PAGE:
There is a large amount of research on hydrogen evolution catalysts. This is due to the hope that they could enable a sustainable, hydrogen-based fuel economy. However, molecular hydrogen evolution catalysts are not yet useable on a large, industrial scale. These catalysts are designed to perform the reduction of protons to dihydrogen. This might make it possible to use them for other, smaller-scale reactions: reductions in organic chemistry.
Cobalt bis-iminopyridines, for example, are low-cost molecular hydrogen evolution catalysts. John Fielden, University of East Anglia, UK, and colleagues have used cobalt bis-iminopyridine derivatives for the reduction of acetonitrile to ethylamine. The team synthesized two Co complexes: [Co(DDP)(H2O)2](NO3)2 (pictured, DDP = cis-[1,3-bis(2-pyridinylenamine)]cyclohexane)) and [Co(cis-DDOP)(NO3)](NO3) (cis-DDOP = cis-3,5-bis[(2-pyridinyleneamin]-trans-hydroxycyclohexane)). The complexes were prepared by mixing the ligands with cobalt(II) nitrate in methanol.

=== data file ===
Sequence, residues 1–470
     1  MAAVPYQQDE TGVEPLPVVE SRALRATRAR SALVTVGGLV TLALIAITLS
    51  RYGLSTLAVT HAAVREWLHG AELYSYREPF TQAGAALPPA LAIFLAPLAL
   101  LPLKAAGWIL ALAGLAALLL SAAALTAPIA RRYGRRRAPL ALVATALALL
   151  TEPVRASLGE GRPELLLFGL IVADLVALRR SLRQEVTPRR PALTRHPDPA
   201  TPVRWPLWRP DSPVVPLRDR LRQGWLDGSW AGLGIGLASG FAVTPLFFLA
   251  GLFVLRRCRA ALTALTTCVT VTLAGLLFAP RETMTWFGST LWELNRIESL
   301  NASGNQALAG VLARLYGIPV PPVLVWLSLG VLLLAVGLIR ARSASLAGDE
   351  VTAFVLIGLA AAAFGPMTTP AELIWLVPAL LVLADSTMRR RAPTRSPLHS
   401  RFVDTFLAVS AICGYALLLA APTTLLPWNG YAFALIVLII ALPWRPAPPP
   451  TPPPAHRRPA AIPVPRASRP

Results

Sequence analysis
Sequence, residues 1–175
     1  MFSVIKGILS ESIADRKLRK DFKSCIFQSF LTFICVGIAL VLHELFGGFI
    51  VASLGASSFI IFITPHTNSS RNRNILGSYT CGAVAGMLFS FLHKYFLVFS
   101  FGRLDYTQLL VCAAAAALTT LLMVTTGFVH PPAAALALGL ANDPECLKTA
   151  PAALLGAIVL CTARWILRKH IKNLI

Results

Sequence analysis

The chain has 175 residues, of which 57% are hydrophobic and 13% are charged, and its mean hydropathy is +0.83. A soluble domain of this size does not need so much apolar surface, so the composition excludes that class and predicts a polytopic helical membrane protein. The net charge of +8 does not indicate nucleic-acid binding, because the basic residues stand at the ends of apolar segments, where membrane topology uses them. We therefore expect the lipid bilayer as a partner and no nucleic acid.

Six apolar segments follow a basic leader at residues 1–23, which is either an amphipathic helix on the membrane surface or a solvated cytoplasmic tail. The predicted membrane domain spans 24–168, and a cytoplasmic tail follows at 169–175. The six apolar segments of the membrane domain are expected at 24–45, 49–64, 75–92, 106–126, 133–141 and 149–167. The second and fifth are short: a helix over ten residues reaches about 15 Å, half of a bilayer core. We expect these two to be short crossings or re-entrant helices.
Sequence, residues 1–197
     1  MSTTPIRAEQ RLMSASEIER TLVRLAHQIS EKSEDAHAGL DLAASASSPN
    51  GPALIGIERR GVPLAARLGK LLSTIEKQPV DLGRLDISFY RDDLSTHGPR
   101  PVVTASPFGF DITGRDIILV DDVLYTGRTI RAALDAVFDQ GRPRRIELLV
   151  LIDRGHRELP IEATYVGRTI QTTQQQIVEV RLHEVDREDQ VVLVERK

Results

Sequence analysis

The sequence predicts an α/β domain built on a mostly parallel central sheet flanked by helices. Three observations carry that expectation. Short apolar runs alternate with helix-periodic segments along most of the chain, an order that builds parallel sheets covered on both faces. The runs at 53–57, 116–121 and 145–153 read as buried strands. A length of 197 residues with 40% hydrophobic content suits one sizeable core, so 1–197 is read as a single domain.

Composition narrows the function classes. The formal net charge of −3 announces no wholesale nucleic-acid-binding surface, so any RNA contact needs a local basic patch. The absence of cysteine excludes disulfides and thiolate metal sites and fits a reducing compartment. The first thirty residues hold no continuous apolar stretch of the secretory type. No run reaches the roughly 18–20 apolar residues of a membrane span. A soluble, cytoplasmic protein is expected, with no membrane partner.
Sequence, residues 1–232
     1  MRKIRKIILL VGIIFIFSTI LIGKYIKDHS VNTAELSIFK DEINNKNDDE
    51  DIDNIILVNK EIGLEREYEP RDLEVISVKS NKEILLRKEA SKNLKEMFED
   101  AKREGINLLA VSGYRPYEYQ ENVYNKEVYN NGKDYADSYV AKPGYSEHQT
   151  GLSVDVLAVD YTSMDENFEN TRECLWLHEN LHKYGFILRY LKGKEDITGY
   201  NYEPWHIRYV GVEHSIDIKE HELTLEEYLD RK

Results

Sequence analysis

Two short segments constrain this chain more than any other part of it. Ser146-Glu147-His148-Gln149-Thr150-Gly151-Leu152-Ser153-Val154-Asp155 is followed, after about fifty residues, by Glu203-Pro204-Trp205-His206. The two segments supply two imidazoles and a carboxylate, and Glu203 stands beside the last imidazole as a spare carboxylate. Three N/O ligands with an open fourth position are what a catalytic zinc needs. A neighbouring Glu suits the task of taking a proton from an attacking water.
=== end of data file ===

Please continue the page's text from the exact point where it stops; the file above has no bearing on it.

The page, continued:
The team found that [Co(DDP)(H2O)2](NO3)2 can electrocatalyze the reduction of acetonitrile to ethylamine. This reaction is favored over the production of dihydrogen. [Co(cis-DDOP)(NO3)](NO3), in contrast, favors H2 production. The researchers attribute this effect to the hydroxy group in the second catalyst, which coordinates to cobalt and makes it more difficult to coordinate acetonitrile during the reaction. According to the team, this work shows that catalysts designed for hydrogen evolution could have alternative uses in organic chemistry.
- Cobalt-based molecular electrocatalysis of nitrile reduction: evolving sustainability beyond hydrogen,
Simon N. Child, Radoslav Raychev, Nathan Moss, Benjamin Howchen, Peter N. Horton, Christopher C. Prior, Vasily S. Oganesyan, John Fielden,
Dalton Trans. 2019.